Twelve young artists were led through the “Design and Build” process this summer at the Museum Outdoor Arts and created a highly imaginative exhibit called “Altered Reality,” which opened Aug. 8 and runs through Sept. 19 in the MOA's indoor …
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Twelve young artists were led through the “Design and Build” process this summer at the Museum Outdoor Arts and created a highly imaginative exhibit called “Altered Reality,” which opened Aug. 8 and runs through Sept. 19 in the MOA's indoor gallery at the Englewood Civic Center. The exhibit includes individual pieces that line the entry and a collection of collaborative installations.
The Design and Build program began in 1991 with high school students and has since moved to college students and some recent graduates.
Interns spend eight intense weeks learning the processes for creating public art via teamwork. They use problem-solving related to a particular site, budgeting and planning, proposal writing, maquette making, construction and installation. They receive a stipend and in some cases, college credit.
“Optical illusions are transfixed and the mind is played upon in `Altered Reality.' The exhibition twists everyday perceptions, disrupts expectations and slants idealism. After all, what really is reality?” says a group statement.
In addition to student work, master teacher Cory Gilstrap, who specializes in soft sculpture and puppet making, has created, with Kamela Preswaela, a remarkable installation called “Ya-Te-Veo.” Located in the back gallery, it is a garden greenhouse on steroids, inhabited by brightly colored, bug-eyed, slightly sinister soft sculpture critters. At the entry is a window box that is growing upright knife blades in neat rows. One can't help but laugh.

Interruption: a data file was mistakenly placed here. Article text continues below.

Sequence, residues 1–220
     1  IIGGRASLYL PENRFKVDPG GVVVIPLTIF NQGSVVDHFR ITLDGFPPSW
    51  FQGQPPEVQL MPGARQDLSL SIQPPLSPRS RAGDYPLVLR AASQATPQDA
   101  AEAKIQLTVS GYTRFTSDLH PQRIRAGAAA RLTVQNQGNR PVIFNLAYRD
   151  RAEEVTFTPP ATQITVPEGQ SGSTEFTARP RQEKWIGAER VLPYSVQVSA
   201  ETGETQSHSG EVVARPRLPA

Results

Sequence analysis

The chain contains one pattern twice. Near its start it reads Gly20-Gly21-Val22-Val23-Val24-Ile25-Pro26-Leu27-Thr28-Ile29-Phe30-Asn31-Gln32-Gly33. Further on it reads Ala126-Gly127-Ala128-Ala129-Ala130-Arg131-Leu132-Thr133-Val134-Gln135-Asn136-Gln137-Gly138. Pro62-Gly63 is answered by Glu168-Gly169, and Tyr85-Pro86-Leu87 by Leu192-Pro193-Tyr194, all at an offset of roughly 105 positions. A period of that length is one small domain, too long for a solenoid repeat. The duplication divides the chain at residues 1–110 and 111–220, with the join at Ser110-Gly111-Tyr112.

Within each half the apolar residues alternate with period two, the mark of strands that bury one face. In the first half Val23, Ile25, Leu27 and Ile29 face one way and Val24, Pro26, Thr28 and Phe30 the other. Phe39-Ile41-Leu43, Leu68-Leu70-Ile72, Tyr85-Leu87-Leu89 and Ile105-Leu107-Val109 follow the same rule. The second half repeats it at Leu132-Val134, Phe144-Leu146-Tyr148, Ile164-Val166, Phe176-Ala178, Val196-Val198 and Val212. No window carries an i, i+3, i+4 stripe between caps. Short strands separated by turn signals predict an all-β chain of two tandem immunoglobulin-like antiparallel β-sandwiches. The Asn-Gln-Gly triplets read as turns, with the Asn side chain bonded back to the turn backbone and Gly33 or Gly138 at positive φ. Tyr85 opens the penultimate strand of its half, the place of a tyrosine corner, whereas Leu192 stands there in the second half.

On arrival, the viewer is greeted by a dreamy three-dimensional bank of clouds in a diorama. Beyond that, one sees an organic assortment of white “Seablooms” that crawl from floor to ceiling. A humorous upside-down ladder, paintbrush, rags and paint can speak to a home-repair project gone astray. “Hard Kandy” is a large panel with a bright bouquet constructed from hundreds of candies. Beyond that is a group of life-sized, intent-looking human figures in action. The installation is called “Immersion.”
The 2015 interns are Aziza Ahmadi, Kelsey Dickinson, Bailey Dunning, Austin Howlett, Maggi Johnson, Luke C.F. Lemon, Georges Loewenguth, Lyndie Mae, Daniela Marin, Karel Moyer and Jesse Nickell.
This is an exhibit children will really enjoy and a special scavenger hunt awaits them. Ask at the desk for special equipment.
If you go
“Altered Reality” runs until Sept. 19 at the Museum Outdoor Art's indoor gallery on the second floor of the Englewood Civic Center, 1000 Englewood Parkway. Admission is free. 303-806-0444, moaonline.org.
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